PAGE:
Receive a text from your bank letting you know your account’s been locked? You might want to think twice before following its instructions.
That’s because scammers are using a combination of fake texts and cardless ATMs to steal thousands of dollars from unsuspecting people, according to Krebs on Security. The scam’s made them a killing in a fairly short window of time: Per Krebs, scammers have stolen $68,000 from around 125 Fifth Third Bank customers in Illinois, Michigan and Ohio in fewer than two weeks.
Here’s how it works: Fraudsters text banking customers, claiming that their bank accounts have been locked. The texts include a link that sends customers to a lookalike of the bank’s website, where they enter their account credentials, “including usernames, passwords, one-time passcodes and PIN numbers,” reports Krebs. Once the scammers have this info, they can use it at the cardless ATMs to steal the customers’ money.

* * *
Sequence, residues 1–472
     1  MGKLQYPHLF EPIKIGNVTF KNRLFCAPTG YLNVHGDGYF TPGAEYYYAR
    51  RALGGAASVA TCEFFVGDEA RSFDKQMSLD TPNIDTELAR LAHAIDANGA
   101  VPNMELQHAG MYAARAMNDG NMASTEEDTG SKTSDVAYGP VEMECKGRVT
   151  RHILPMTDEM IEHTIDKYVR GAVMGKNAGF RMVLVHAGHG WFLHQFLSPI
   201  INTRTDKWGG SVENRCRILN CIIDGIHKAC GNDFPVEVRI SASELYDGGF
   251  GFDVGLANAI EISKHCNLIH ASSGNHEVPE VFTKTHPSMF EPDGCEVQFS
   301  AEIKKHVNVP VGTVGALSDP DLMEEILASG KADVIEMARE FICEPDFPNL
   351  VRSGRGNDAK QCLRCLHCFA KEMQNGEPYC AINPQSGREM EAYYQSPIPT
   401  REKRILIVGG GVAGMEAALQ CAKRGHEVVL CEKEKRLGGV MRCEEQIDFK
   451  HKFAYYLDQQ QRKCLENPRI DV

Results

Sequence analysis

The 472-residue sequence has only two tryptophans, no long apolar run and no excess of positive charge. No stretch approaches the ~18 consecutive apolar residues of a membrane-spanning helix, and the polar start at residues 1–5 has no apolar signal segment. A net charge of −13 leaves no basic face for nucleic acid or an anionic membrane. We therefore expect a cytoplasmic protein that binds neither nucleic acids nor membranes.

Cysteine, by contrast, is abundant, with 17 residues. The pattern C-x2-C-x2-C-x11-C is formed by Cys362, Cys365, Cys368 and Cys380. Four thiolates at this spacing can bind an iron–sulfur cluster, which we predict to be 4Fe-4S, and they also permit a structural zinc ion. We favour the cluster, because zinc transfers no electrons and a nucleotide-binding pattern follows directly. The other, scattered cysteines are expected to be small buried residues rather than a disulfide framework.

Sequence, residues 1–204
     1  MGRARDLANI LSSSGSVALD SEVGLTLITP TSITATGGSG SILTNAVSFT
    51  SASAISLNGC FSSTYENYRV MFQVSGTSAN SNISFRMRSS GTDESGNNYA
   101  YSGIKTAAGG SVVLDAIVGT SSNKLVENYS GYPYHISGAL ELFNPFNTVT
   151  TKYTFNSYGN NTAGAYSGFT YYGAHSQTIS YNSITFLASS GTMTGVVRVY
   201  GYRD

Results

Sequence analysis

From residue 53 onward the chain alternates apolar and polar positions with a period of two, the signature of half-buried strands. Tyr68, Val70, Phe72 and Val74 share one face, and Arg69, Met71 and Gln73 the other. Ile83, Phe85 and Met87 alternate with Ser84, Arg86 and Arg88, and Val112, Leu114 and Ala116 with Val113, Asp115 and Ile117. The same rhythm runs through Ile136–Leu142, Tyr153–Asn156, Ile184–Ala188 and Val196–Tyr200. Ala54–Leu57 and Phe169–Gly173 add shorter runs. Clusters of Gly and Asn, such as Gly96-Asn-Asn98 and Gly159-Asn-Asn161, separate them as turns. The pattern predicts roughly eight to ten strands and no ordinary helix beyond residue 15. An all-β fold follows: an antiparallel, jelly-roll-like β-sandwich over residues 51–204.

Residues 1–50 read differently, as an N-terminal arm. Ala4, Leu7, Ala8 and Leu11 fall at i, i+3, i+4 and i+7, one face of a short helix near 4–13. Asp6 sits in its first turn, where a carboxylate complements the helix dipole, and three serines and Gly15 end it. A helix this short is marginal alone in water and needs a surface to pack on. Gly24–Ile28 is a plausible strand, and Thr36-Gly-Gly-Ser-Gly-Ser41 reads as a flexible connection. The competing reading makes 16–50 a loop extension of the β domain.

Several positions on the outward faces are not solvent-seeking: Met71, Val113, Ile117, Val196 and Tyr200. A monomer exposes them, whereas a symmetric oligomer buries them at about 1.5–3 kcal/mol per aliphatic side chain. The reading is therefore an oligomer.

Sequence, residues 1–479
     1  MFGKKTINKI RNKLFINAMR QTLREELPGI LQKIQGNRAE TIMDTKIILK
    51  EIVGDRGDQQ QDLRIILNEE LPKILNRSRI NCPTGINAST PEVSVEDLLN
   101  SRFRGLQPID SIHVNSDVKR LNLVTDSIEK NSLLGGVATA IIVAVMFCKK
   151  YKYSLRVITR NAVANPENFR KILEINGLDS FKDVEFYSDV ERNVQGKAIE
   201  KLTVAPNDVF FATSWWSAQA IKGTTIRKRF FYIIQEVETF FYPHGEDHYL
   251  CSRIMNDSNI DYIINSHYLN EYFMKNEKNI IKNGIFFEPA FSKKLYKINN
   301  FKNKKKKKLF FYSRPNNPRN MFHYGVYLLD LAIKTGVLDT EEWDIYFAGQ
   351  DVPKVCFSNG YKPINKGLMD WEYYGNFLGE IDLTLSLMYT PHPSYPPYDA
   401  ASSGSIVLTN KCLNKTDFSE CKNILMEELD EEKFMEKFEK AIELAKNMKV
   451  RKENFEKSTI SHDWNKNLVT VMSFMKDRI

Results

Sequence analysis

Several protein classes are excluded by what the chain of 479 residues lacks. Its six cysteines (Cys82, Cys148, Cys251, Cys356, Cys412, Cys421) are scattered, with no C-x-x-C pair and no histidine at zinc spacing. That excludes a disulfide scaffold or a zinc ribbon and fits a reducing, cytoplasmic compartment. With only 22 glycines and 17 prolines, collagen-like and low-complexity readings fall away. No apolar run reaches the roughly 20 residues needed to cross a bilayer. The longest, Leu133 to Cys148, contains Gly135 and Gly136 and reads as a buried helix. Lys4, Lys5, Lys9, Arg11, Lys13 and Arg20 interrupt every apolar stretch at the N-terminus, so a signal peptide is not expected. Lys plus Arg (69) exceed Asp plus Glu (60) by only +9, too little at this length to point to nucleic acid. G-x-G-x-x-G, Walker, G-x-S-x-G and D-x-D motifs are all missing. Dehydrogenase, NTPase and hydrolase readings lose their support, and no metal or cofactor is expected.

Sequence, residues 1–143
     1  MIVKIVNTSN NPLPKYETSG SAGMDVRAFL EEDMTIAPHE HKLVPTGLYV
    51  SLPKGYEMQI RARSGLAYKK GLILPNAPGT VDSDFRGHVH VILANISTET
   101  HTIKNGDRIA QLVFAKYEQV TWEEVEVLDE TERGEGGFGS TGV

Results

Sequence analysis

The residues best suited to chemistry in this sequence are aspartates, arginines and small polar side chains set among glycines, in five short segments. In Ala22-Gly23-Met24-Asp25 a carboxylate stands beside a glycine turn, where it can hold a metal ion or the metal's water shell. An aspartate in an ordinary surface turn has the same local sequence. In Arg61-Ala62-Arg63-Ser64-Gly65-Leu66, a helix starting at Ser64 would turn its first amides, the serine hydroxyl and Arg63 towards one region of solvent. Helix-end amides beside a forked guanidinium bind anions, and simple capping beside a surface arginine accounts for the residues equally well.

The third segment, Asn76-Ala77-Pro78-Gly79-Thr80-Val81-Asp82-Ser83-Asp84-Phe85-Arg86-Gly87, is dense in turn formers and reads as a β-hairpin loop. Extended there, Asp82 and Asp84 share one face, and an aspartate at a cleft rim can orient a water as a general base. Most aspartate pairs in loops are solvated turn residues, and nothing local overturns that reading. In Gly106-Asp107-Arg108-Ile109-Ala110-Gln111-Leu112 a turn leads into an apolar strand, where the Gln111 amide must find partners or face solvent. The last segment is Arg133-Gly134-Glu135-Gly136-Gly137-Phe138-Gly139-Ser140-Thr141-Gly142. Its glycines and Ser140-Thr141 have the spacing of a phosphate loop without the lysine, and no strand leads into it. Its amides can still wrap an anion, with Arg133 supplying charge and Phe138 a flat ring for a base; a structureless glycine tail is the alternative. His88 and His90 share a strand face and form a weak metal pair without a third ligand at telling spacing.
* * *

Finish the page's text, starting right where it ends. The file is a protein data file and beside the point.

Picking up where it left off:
Cardless ATMs let customers use their smart phones to get cash, rather than relying on a debit card. They’re not incredibly common yet, but are used by most of the big banks such as Chase as well as regional banks like Fifth Third as a convenience to customers. They’re reportedly more secure than standard ATMs—or at least that’s what the financial industry is saying—but, as with all new financial innovations, scammers have found a way to exploit them. As the Fifth Third example illustrates, scammers need only a username, password and PIN to steal cash in some cases.
As Krebs suggests, never “respond to requests for personal or financial information sent via email, text message or over the phone.” If you receive a confusing message or phone call, hang up or ignore it, and contact your bank or financial institution directly.